The American Society of Clinical Oncology and the American Cancer Society: Working Together to Make Cancer Information Accessible to All

The American Society of Clinical Oncology (ASCO) and the American Cancer Society (ACS) have long held a shared commitment to providing people with cancer, survivors, and caregivers with cancer information they can trust. Now, ASCO and ACS have taken another step in advancing this goal by launching a collaboration to make the expert-approved information from both ASCO’s Cancer.Net and ACS’s Cancer.org more easily available for readers.

For the first part of this collaboration, Cancer.Net and Cancer.org will share various resources on both websites, making this information widely available to all people whose lives are impacted by cancer. People with cancer, survivors, caregivers, and others can find the important information they need on cancer-related topics, including prevention, screening, and survivorship, regardless of which website they turn to.

“ASCO and the American Cancer Society have long shared a commitment to empowering patients with information they can trust. As we commemorate World Cancer Day this Friday, February 4, it is especially fitting that this week we formalize our partnership with ACS and advance our shared goal of ‘closing the gap’. We are thrilled to be working together in the best interests of patients and look forward to continued collaboration in the future.”  – Clifford A. Hudis, MD, FACP, FASCO, ASCO Chief Executive Officer

This collaboration will benefit from each organization’s strengths and areas of expertise, featuring shared content on both websites.

  • ASCO’s Cancer.Net is a trusted resource for cancer information for people with cancer, survivors, and caregivers, so they may better understand their diagnosis and treatment, cope with cancer, and transition to survivorship.

  • ACS’s Cancer.org is a go-to resource for the public for information on cancer prevention, causes, and early detection.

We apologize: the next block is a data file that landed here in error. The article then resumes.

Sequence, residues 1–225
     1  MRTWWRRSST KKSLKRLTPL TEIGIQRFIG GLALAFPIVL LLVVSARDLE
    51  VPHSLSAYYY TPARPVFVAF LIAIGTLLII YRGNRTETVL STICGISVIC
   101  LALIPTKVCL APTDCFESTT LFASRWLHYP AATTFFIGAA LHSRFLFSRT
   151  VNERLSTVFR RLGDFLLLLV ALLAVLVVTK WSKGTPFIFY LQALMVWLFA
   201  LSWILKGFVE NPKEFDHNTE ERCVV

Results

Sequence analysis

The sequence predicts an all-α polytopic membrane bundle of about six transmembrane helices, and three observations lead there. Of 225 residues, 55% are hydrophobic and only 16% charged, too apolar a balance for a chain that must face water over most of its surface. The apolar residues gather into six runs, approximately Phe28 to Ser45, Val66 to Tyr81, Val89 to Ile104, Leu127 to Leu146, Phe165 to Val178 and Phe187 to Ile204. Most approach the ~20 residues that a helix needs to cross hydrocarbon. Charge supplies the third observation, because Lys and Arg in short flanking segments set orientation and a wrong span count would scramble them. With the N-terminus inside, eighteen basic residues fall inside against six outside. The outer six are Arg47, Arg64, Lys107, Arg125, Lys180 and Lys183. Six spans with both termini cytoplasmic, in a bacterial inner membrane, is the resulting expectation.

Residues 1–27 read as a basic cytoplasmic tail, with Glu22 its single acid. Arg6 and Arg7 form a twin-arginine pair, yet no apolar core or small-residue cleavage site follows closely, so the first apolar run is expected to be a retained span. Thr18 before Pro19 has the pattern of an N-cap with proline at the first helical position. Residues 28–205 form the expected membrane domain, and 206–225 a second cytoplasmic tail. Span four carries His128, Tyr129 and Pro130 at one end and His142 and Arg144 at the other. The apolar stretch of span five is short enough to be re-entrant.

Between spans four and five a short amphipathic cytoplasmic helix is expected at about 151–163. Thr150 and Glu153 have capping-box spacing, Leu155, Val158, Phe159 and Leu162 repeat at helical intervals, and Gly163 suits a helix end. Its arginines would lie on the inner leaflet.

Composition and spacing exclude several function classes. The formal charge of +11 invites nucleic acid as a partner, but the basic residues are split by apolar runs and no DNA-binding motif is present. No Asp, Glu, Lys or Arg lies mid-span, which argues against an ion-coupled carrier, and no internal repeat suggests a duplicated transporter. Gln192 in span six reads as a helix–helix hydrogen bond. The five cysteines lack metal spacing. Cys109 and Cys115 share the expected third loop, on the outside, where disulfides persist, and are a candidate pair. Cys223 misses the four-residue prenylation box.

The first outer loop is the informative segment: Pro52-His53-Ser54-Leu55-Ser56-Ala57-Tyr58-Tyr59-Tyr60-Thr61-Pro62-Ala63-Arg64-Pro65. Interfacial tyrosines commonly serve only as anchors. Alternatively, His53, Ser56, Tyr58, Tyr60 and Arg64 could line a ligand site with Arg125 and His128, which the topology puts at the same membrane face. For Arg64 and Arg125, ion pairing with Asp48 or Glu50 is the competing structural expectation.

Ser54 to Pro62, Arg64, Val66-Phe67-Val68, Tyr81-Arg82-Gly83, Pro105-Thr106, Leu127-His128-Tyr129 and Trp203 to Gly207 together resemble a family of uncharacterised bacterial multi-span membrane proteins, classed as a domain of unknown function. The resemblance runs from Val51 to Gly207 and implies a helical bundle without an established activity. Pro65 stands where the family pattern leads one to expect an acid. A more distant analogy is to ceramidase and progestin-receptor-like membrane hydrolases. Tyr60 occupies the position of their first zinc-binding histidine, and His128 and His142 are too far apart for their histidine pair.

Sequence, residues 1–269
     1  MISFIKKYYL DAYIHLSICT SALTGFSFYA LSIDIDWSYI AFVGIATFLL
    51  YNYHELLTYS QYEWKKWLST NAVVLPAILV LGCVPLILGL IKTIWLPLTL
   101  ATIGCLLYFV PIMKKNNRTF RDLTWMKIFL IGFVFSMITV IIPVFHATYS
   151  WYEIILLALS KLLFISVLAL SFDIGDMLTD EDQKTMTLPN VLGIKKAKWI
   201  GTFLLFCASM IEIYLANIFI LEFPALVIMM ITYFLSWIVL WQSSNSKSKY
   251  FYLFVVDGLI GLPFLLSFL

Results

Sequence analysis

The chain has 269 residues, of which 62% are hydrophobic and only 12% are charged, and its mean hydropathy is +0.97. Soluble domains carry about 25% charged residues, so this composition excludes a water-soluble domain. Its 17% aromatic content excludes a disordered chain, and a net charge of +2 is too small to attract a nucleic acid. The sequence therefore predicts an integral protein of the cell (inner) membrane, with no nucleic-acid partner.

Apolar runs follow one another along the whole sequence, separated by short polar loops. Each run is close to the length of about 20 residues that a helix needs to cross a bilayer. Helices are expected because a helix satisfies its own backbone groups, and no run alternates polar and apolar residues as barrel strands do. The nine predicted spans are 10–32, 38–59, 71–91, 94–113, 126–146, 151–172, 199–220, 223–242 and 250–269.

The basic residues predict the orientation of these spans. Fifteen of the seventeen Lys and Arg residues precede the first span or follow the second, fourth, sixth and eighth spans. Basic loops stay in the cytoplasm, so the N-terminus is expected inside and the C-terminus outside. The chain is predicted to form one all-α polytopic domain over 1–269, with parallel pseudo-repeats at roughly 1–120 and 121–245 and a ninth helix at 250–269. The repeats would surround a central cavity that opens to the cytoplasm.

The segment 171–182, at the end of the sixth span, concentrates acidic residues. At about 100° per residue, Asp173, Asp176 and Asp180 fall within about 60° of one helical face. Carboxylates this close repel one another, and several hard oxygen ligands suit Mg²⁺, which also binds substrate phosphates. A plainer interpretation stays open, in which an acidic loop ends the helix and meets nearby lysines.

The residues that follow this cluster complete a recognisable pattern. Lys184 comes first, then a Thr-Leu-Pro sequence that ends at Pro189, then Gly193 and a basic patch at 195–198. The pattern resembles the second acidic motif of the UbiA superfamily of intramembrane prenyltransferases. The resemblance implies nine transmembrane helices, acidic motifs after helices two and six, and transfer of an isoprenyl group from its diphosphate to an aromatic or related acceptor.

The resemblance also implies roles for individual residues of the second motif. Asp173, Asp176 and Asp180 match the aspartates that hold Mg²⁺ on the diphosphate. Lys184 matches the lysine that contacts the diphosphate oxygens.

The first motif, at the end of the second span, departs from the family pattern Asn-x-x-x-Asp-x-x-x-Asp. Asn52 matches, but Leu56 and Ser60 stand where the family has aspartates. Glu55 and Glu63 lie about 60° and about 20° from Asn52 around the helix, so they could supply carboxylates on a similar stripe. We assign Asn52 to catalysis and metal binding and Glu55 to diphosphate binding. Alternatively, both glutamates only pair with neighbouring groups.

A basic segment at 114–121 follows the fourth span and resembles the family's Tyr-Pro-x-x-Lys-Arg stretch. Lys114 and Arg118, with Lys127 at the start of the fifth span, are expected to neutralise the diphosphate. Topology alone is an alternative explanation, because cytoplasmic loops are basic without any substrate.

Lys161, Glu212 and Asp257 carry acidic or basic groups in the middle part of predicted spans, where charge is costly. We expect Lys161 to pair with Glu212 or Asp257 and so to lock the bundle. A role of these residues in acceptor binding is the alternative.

“This collaboration is a natural extension of the relationship between the organizations, and aligned to the ACS goal to improve lives. Through combining each organization’s unique expertise, we will further empower patients, caregivers, and physicians by increasing access to up-to-date educational resources. Through single access points, our collaborative sites will provide the latest information on all aspects of the cancer continuum—from cancer prevention and screening to cancer care and survivorship. We could not be more enthusiastic about working alongside the experts at ASCO, who share our values and are longstanding partners in the fight against cancer.” –  Karen Knudsen, MBA, PhD, ACS Chief Executive Officer

As part of this collaboration, Cancer.Net will include cancer screening guidelines from ACS. These guidelines are a set of widely trusted screening recommendations for several types of cancer that help doctors find cancer earlier, when the chances of a cure are higher. Cancer.Net also now includes resources from ACS on quitting smoking and tobacco use, how to protect your skin from the sun and check your skin, and the causes of cancer and how to make sense of news related to these causes.  

“The collaboration between ACS and Cancer.Net brings together a large group of volunteers and trusted cancer care experts to provide trusted information and guidance to people facing cancer. This combined effort provides access to the best resources, regardless of the starting point, with the common goal of helping people who are facing cancer become informed partners in their care.” – Jyoti D. Patel, MD, FASCO, Cancer.Net Editor in Chief

On Cancer.org, readers will find ASCO’s survivorship care plans. These essential documents help survivors and their health care teams plan follow-up care after active treatment has ended, including the treatments they received, preparing for possible late effects of treatment, and forming goals for healthy living after cancer. In addition, Cancer.org now includes other survivorship resources from Cancer.Net, from information on cancer rehabilitation and the long-term side effects of treatment to other aspects of life after cancer, such as fertility, having a baby after cancer, and post-traumatic stress disorder (PTSD).

“Survivorship care plans are important as a written tool to review with patients to make sure they understand their diagnosis and treatment and to map future plans for any surveillance tests and check-ups that will be needed, along with information about possible late and long-term effects and healthy behaviors they should know about. This is an opportunity to review what has happened and to ask questions. Most of us don’t remember what we are told during a clinical visit, so having a paper version is helpful as a reminder.” – Deborah K. Mayer, PhD, RN, AOCN, FAAN, Francis Hill Fox Distinguished Professor Emeritus at the UNC School of Nursing and a leader in the efforts to develop ASCO’s survivorship care plans

Learn more about the collaboration between ASCO and ACS.

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